Resilience is the ability to take on a challenge and come out of the other side with some level of growth and success, and there has never been a more important time for parents to help their children build that.
As a doctor studying early brain development, I’ve found a surprising factor that contributes to increased resilience at a young age: the creation of “care routines.”
Studies show that through structure and familiar rituals, children learn to deal constructively with themselves and their environment.
Nursing routines help children build resilience
When children do things in a similar way and at similar times over and over again, they know what to expect. This predictability creates a sense of comfort and security.
As a result, they are better equipped to handle the unexpected, which is a cornerstone of resilience. The baseline is always, “I’m fine.”
Think of a nurturing routine as a comfort blanket or worn-out stuffed animal that provides a calm, loving environment in which the child feels comfortable exploring their feelings during a setback or challenge.
And when they start doing parts of their routine with less supervision, they become more independent and confident.
Your child may have a morning routine that encourages healthy behaviors, like brushing their teeth and talking about their daily schedule, or a vegetarian lunchtime snack that encourages a nutritious diet.
Here are some tips to keep in mind when creating these routines:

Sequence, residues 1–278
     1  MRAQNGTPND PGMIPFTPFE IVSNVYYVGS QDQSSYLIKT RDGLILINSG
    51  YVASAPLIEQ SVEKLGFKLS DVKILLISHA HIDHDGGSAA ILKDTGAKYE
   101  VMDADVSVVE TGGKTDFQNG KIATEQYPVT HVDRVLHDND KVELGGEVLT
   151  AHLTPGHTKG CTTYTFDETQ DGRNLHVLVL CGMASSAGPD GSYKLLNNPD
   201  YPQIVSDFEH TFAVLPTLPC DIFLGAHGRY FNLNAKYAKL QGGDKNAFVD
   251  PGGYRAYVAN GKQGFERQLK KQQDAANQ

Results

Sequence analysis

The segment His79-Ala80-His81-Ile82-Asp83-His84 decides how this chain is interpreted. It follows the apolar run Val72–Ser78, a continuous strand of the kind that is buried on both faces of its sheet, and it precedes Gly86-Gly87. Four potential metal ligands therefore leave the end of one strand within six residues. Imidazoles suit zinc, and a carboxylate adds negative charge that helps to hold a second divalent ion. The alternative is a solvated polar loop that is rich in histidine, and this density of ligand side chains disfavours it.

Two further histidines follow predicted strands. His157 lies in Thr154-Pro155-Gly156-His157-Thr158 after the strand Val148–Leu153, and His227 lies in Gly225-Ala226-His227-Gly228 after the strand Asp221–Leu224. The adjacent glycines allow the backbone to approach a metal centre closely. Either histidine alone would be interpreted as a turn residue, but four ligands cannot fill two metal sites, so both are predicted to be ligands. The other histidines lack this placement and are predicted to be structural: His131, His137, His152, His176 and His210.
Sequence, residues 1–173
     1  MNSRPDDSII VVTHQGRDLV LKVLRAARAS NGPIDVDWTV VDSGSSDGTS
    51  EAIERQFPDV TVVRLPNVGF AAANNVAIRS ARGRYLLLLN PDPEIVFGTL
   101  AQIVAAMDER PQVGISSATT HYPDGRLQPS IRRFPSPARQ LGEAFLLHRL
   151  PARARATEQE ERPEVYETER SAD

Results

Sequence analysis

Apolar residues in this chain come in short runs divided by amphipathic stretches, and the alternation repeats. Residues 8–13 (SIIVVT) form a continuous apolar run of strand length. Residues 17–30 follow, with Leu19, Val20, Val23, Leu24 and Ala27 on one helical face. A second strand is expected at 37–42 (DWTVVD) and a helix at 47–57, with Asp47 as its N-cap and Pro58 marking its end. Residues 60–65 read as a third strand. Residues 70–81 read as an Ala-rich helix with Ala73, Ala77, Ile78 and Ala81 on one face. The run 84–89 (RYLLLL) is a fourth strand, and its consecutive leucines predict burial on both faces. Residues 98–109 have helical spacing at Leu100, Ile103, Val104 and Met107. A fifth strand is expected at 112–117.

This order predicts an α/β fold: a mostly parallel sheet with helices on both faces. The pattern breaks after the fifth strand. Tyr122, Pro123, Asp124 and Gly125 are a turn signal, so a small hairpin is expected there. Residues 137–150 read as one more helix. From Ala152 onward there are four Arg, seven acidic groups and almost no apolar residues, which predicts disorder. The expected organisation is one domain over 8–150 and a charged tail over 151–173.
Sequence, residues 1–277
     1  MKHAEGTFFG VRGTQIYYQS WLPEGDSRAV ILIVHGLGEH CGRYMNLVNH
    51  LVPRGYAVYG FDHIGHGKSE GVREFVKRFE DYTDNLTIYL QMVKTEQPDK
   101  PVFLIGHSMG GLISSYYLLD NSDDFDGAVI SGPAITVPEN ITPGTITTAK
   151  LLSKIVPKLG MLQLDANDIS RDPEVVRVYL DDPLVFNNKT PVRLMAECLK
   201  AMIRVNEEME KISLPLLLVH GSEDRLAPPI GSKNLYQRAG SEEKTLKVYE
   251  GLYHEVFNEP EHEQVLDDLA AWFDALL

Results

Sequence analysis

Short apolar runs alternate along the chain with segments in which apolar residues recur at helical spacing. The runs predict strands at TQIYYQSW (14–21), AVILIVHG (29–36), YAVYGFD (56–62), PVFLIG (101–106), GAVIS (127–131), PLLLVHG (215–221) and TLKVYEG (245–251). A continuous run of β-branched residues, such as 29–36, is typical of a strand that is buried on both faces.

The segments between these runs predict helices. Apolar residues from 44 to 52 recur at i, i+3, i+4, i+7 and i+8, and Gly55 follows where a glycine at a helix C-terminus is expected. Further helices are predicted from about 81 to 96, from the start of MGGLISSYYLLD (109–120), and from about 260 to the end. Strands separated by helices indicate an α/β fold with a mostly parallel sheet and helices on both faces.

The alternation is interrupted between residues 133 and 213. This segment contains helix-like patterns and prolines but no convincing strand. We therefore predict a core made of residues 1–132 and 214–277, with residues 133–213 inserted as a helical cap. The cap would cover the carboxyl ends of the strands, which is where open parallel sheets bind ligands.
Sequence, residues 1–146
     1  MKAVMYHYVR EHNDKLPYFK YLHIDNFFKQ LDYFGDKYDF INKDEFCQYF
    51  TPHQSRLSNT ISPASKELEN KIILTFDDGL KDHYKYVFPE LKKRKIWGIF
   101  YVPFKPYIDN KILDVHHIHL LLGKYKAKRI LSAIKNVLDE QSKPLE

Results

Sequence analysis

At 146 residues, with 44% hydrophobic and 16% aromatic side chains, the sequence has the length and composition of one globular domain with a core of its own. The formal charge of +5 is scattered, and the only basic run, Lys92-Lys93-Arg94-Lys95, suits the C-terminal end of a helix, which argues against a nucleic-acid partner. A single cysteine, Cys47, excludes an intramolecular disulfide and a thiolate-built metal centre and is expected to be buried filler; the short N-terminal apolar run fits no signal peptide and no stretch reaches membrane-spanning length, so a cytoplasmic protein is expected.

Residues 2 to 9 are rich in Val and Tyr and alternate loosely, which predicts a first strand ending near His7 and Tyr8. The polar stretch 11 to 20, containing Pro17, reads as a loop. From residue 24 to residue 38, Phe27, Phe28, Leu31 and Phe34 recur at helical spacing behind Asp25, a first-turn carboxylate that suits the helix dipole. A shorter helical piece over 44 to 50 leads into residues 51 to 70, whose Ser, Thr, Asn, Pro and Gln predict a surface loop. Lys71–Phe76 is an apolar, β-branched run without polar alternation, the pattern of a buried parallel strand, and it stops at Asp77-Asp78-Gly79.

1. Encourage dialogue throughout the routine.
Children internalize parents’ communication style as their own “private speech,” so calm, loving prompts and questions throughout the day support emotional regulation skills.
Let’s say they have a nightly routine of brushing their teeth and choosing pajamas. Encourage dialogue by saying, “Look at you, in your comfy clothes and ready to brush your teeth! First we wet the toothbrush. What’s next?”
2. Explain the “why” behind a routine.
explain the why Behind a routine helps children learn what is expected of them and feel the positive effects of completing the routine.
For example: “We had so much fun building with our blocks, but it’s time to clean up. The big blocks go in the blue bucket. Where do the small blocks go?”
After they respond, you can respond with, “That’s right! Let’s get ready so we can have a snack to stay energized for the rest of the day.”
This simple activity will help them practice language skills, take turns speaking and understanding the meaning of certain actions.
3. Be consistent.
Remember that resilience does not develop overnight. Children need regular reminders of what these skills look like, so start early and be consistent.
Long or difficult days can make it difficult to stick to a routine. Parenting requires flexibility. Sometimes a comforting statement can make up for a missed routine: “I’m sorry we couldn’t read a bedtime story together. But I promise I’ll take my time tomorrow.”
Finally, praise your child when they follow a routine without help so they get used to doing it consistently: “Thank you for folding the blankets this morning.
dr Dana Suskind is Professor of Surgery and Pediatrics at the University of Chicago Medical Center and Founder and Co-Director of the TMW Center for Early Learning + Public Health at the University of Chicago. She is the author of “Parent Nation: Unleashing every child’s potential, fulfilling society’s promise.” Follow her on Twitter @DrDanaSuskind.
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